Candles fluttered softly, illuminating the sanctuary that was only dimly lit by artificial lighting. The elements of the Eucharist waited on the alter, along with two white porcelain bowls of ash.
All was quite when I walked in, but soon acoustic music softened the hushed air. I sat quietly, watching the pews slowly fill. Most faces I recognized. Several I did not — but that is typical for special services.
Soon we were called to worship, first with song and then with scripture reading.
“Yet even now,” declares the LORD,
“return to me with all your heart,
with fasting, with weeping, and with mourning;
and rend your hearts and not your garments.”
(Joel 2:12-13 ESV)
Mourning. That is the heart of the Lenten season — mourning for our sin.
We were called forward, and one by one we walked to the front of the sanctuary, where we knelt while one of our leaders dipped his thumb in a bowl of ashes — an ancient symbol of mourning — and drew a cross on our foreheads.
Later, we knelt as a congregation and corporately repented for our sins. Afterward, we broke bread and gave thanks to God, for His forgiveness.
According to the Mirriam-Webster online dictionary, the word Lent comes from the Middle English lente, which meant springtime. Today, it is identified with the season in the Christian calendar: “the 40 weekdays from Ash Wednesday to Easter observed by the Roman Catholic, Eastern, and some Protestant churches as a period of penitence and fasting.”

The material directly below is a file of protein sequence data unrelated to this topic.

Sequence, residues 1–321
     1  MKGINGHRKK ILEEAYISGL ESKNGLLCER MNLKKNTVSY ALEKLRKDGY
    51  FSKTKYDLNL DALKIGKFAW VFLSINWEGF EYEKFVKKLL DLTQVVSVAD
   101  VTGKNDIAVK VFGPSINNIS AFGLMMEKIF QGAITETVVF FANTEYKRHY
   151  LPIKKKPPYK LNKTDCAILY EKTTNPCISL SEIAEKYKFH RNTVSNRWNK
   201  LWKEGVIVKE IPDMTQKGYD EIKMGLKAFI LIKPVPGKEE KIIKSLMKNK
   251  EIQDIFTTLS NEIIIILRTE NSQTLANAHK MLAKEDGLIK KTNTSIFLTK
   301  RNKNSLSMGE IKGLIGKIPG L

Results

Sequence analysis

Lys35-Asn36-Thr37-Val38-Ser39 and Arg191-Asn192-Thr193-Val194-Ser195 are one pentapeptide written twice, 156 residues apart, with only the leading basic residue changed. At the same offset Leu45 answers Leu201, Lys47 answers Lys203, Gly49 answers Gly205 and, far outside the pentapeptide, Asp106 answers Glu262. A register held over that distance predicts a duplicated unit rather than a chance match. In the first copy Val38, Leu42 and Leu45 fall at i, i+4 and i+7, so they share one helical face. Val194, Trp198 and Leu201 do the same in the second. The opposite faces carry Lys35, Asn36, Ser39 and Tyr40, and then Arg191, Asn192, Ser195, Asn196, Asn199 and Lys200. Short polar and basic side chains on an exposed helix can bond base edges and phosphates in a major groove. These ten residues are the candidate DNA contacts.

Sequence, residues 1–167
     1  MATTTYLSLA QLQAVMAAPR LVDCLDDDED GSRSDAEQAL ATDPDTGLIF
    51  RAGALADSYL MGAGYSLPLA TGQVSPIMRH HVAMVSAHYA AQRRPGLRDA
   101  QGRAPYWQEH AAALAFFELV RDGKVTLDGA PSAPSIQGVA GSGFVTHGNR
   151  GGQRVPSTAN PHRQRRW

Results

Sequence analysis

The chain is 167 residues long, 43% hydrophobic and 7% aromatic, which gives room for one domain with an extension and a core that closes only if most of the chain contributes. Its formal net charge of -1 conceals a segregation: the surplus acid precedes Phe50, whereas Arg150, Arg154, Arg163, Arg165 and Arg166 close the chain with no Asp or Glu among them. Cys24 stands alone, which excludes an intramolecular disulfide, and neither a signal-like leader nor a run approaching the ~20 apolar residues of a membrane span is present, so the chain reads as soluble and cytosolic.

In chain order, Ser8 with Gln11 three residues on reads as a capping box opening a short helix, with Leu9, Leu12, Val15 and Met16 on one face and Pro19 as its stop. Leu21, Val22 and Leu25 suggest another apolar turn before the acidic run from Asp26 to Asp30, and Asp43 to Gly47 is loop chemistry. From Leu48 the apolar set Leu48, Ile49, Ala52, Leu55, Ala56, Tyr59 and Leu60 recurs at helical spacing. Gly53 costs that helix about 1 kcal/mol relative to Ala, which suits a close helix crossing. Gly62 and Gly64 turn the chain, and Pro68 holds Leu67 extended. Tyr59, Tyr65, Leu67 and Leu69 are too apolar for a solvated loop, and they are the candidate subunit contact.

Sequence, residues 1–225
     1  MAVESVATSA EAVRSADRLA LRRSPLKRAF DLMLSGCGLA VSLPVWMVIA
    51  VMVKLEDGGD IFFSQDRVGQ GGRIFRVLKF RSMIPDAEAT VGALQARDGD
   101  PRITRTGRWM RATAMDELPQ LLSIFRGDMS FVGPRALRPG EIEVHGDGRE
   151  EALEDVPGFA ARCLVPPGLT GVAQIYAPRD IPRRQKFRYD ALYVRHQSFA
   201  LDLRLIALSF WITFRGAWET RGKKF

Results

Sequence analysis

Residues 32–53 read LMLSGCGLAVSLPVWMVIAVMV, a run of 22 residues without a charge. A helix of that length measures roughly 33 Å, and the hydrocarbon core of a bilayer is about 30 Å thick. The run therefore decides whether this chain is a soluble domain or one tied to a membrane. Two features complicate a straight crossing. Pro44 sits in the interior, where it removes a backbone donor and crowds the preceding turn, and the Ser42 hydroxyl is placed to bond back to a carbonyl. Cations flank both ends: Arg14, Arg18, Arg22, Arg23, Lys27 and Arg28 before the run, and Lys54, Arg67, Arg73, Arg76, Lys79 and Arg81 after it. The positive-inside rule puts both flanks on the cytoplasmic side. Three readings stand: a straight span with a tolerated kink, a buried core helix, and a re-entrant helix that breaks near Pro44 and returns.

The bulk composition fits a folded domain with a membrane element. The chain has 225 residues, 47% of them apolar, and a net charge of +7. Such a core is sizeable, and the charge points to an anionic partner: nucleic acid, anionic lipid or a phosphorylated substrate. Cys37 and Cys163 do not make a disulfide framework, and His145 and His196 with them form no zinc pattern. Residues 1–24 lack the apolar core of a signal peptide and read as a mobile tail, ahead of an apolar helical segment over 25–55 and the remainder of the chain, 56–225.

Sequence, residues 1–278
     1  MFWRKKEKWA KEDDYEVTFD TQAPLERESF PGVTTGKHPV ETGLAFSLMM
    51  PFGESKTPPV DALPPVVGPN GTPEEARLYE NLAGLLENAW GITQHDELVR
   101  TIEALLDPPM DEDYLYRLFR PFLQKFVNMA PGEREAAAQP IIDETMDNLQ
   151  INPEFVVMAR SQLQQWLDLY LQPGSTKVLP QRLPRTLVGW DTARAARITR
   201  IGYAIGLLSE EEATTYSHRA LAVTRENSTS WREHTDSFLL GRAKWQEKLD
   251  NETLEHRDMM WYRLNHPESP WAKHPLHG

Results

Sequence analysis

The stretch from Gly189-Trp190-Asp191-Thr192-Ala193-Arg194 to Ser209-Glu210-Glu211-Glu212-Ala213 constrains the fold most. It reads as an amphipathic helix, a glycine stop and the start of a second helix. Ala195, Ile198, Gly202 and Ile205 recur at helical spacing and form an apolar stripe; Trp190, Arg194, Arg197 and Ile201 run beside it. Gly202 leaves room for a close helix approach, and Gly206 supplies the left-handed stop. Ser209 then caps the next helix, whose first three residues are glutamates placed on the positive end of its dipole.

In the liturgical calendar, Lent comes after Advent/Christmas (celebrating Christ’s birth) and Epiphany (Christ’s life), and it is followed by Easter (celebrating the Resurrection) and Pentecost (the gift of the Holy Spirit).
Last Sunday, one of our elders, Dr. Eric Bolger, taught a sermon on preparing our hearts for Lent. I like the way he defined the season.
Lent is the season of the Christian year during which we take time to recognize our sin and to celebrate God’s all sufficient provision in Christ.
During Lent, we mourn for our sin, as well as for the sin of humanity. We fast, and we grieve. But as Christians, there is joy in our mourning, as we look forward to the hope of the Resurrection. Indeed I am dust, and to dust I will return, but that is not the end.
As a part of my Lenten discipline, I’m going to update my blog every day with something God is showing me through this year’s observance.